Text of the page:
Which aperture is best?
When photographers first learn about aperture, this is a question that crops up constantly.
But as you’ve hopefully gleaned from the sections above, there is no single best aperture that you can use all the time. Sometimes you’ll want a deep depth of field or you’ll want to darken down a too-bright shot, in which case you’ll need to use a narrow aperture. Other times you’ll want a shallow depth of field or you’ll want to brighten up a too-dark shot, in which case you’ll need to use a wide aperture.
There are apertures that get used consistently in certain genres. I’ll cover them briefly below, starting with:
The best landscape photography aperture
Landscape photographers gravitate toward small aperture settings, such as f/8, f/11, and even f/16.
When you’re shooting a sweeping photo of the land, sea, or sky, you often want to keep the whole shot sharp. That way, the viewer can appreciate every little detail of your majestic scene.
Plus, a deep depth of field makes the shot feel more real, like the viewer could physically step into the scene.
The best portrait photography aperture
In portrait photography, it can be handy to have your subject perfectly in focus but the background nice and blurry. That way, your main subject stands out and the background doesn’t become a distraction.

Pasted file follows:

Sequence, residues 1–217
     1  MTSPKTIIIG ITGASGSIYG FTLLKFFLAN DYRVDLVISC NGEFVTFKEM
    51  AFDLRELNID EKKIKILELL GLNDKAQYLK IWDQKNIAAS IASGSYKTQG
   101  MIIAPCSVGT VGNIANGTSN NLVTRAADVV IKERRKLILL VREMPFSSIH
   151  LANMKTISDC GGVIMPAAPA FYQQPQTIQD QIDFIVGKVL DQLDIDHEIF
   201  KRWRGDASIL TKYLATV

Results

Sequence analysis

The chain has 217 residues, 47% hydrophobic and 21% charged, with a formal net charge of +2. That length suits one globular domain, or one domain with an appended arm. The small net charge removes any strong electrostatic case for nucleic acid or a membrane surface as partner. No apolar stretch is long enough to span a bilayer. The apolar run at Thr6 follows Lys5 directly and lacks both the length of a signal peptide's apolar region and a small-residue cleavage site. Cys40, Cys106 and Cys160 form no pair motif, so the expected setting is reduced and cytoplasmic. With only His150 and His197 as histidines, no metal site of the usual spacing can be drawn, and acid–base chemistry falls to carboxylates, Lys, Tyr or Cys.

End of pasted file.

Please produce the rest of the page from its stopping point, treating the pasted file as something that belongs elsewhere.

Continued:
In other words, use a large aperture to ensure a shallow depth of field.
It’s a trick used by family portrait photographers, headshot photographers, fashion photographers, and more.
The best macro photography aperture
Macro (i.e., close-up) photographers tend to disagree over aperture.
Some macro photographers use a very narrow aperture because depth of field gets shallower at high magnifications. And by using a narrow aperture, a macro photographer can ensure that their entire subject is in focus, even if the background is blurred.
Whereas other macro photographers embrace a shallow depth of field. They use a very wide aperture for a soft-focus effect.
Which is the way to go? That depends on your preferences! Both approaches work well, and there are plenty of professionals using each technique, so don’t stress about it too much.
The best product photography aperture